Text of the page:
Croatia is a strange place. It’s part Eastern Europe and part laidback Mediterranean. Then, you mix in a heaping helping of Byzantine and Roman architecture, add some Egyptian relics “borrowed” from pharaohs, and top it off with medieval castles that served as backdrops in “The Game of Thrones,” and you have a country that’s just perfect for a yacht charter which winds through the centuries and past dozens of history-soaked islands on the Dalmatian Coast in the Adriatic.
A few charter companies including Dream Yacht Charter offer powercats from their bases in Trogir which is a UNESCO Heritage Site. Stroll along Trogir’s waterfront and check out the gulets (large tourist barges) stacked three and four deep on the quays as professional crews scramble to trade out visitors each week. An old walled town, Trogir can take a day of sightseeing on its own, and its markets are great places to provision.
Just up the road is the magnificent town of Split, another UNESCO site. Diocletian’s Palace (which is not so much a palace but rather the entire boundary of the old town) is surrounded by a mix of temples, statues, and houses. The palace itself was built by a fourth century Roman Emperor. It’s been “repurposed” dozens of times since and now is a busy mishmash of all the cultures that left their mark on Split over the centuries.
The peristyle at the center of the palace blends neoclassical architecture with the Roman temple of Jupiter on one side and the Cathedral of St. Domnius on the other. In the middle are Egyptian granite columns and a sphinx. It’s like Disneyland but real.
A one-week charter is pretty short in these beautiful waters, but that’s where a powercat comes in handy. When you cruise from island to island at 20 knots, you can cover serious distances and maybe even get down to the world-renown Dubrovnik while checking in on a half dozen islands along the way.
First, head to Vis Town, on Vis Island, and tie up Med-moor style to the wall. You can’t be shy when you’re snuggling in tight between a bunch of other boats, fenders squeaking against your neighbors. Nobody seems to mind.
On Vis, there’s a heavy trade in all things pertaining to Yugoslavian dictator Josip Tito. Croatians seem to have recovered from being a part of Yugoslavia and now market that history with gusto. You can tour old gun embattlements and learn about partisan resistance while firing a Kalashnikov (thankfully, not a real one). Best of all, you can dinghy inside Tito’s submarine tunnel which is a huge draw.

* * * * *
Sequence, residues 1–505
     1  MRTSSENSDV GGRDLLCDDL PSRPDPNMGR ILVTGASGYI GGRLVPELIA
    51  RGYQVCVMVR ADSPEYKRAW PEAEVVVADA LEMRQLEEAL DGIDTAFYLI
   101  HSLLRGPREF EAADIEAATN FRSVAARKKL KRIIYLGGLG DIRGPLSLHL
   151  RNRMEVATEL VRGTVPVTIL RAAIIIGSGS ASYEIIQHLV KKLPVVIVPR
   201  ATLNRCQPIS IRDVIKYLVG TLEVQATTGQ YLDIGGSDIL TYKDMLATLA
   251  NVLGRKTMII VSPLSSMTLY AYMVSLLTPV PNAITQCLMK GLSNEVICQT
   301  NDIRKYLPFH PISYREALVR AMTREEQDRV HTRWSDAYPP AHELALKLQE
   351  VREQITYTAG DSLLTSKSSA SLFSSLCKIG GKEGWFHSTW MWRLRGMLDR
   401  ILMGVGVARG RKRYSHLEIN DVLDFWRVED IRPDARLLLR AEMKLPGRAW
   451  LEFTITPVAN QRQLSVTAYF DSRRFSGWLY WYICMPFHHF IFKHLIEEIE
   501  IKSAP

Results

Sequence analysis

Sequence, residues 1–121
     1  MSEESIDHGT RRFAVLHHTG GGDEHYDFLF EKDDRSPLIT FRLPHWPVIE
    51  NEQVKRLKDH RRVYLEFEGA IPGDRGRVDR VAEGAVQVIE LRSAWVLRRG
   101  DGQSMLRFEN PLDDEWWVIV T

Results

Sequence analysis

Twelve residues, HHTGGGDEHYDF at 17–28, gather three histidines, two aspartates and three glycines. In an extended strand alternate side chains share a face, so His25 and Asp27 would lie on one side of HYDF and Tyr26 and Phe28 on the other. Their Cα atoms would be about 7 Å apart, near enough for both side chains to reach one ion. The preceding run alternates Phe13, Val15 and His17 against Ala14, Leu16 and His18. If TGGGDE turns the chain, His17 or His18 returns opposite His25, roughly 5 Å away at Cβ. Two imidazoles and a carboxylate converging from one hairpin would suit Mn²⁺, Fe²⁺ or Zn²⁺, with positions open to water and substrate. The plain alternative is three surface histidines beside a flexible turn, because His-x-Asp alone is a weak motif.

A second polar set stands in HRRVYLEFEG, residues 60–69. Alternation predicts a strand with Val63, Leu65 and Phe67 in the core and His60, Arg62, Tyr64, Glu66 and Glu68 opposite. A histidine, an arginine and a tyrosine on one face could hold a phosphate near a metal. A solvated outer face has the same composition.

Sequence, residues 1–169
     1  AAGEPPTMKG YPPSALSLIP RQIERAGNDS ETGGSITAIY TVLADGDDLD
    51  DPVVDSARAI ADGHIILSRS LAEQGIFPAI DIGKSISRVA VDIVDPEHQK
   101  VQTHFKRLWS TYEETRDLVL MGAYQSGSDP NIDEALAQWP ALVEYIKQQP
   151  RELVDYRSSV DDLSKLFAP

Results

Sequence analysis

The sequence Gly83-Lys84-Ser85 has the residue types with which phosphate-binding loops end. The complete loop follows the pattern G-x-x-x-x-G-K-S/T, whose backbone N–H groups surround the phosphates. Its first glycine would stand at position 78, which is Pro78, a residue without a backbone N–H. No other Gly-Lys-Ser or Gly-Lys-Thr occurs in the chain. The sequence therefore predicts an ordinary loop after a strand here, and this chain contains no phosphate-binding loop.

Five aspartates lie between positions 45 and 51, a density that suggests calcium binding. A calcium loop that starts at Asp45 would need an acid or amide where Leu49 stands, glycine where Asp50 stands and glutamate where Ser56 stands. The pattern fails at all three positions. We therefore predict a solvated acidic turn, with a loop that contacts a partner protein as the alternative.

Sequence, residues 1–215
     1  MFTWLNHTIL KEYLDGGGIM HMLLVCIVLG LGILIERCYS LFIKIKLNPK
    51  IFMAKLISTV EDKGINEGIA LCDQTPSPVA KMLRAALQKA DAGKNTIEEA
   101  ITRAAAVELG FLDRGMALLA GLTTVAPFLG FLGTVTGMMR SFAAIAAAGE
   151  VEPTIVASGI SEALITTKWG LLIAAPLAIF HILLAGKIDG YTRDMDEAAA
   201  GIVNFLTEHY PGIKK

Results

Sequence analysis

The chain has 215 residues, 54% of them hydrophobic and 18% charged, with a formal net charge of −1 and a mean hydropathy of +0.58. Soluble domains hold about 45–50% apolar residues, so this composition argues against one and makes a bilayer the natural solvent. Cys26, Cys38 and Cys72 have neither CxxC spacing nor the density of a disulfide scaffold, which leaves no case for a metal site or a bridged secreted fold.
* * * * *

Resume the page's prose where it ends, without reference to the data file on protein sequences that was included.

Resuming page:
Next to Vis is Bisovo Island, the home of Modra Spilja (Blue Cave). You can’t take your own dinghy inside, but for a small fee, pangas will blast in to check out the eerie blue light which reflects off the sandy bottom. It’s a brief but interesting visit.
Make your way south to Hvar Town on the island of Hvar, a bustling little place packed with cafes and beautiful people who are chauffeured ashore from superyachts. This is an international destination where Onassis-type yachts tower over humble local fishing craft. The fortress that hangs over the city is worth the hike up if only for the views and the ice cream up top.
From here you can go around the corner on the same island to Stary Grad (Old City) on the north shore. It’s much less glitzy than Hvar Town, but it’s much more charming and mellow. No longer a part of the dour Eastern Bloc, Croatians now make excellent entrepreneurs as is evident around every corner in Stary Grad where cafes and gourmet food shops offer everything from lavender candy to exotic olive oil.
The holding in Hvar Harbor is poor, so you can either Med-moor on the wall in Stary Grad or head over to the nearby Pakelni Otoci which loosely translates to “Hell Islands.” There’s nothing hellish about them. The anchoring is easy in 30-50 feet over sand, the beaches are white, and sunsets are spectacular.
From Hvar you can pick your way south all the way to Dubrovnik via Brac, Korcula, and Sipan Islands. Once in Dubrovink you can take what seems like a million steps as you make your way around the walled city. It’s a great place to spend a day, have fabulous cocktails overlooking the Med, and maybe even take in an evening of traditional dancing.
In Croatia you can’t drop anchor in anything but a beautiful harbor with a historic town and charming restaurants. You can lounge on plush, curtained sofas perched on a rocky beach, relaxing with a glass of “rakija,” Croatia’s answer to grappa or slivovica, a plum brandy that will take paint off your car.
The food and wine in Croatia are excellent and affordable. Every menu features fish and the Croatian national specialty of cevapcici, which are sausages made of minced meat that are eaten at all times of the day.
To most anglophones, the Croatian language is a mess of more consonants than vowels, but the locals love to practice their English. Tipping in restaurants is about 10 percent. The local currency used to be the kuna which made everything affordable. As of January 2023, the country runs on the euro. May to July and September to October are the best times to visit. Steer clear of August when it’s beyond crowded and prices climb. Be sure to check charter licensing requirements ahead of time.
Bring your sense of humor because Croatia is the Wild West of yachting. Right-of-way rules are mere suggestions, and toxic masculinity is a sport. Poorly trained sailors would rather collide than lose face, and personal space is nonexistent. Lots of yachties feel the need to go naked on their boats, especially visiting Germans and the French, so if you don’t want a show with your morning coffee, stay below.
Croatia is a perfect charter destination, especially for powerboats that can reel off the knots. The people are friendly, the prices are reasonable, and there aren’t many places where you can charter so much history in so short a time.
By Zuzana Prochazka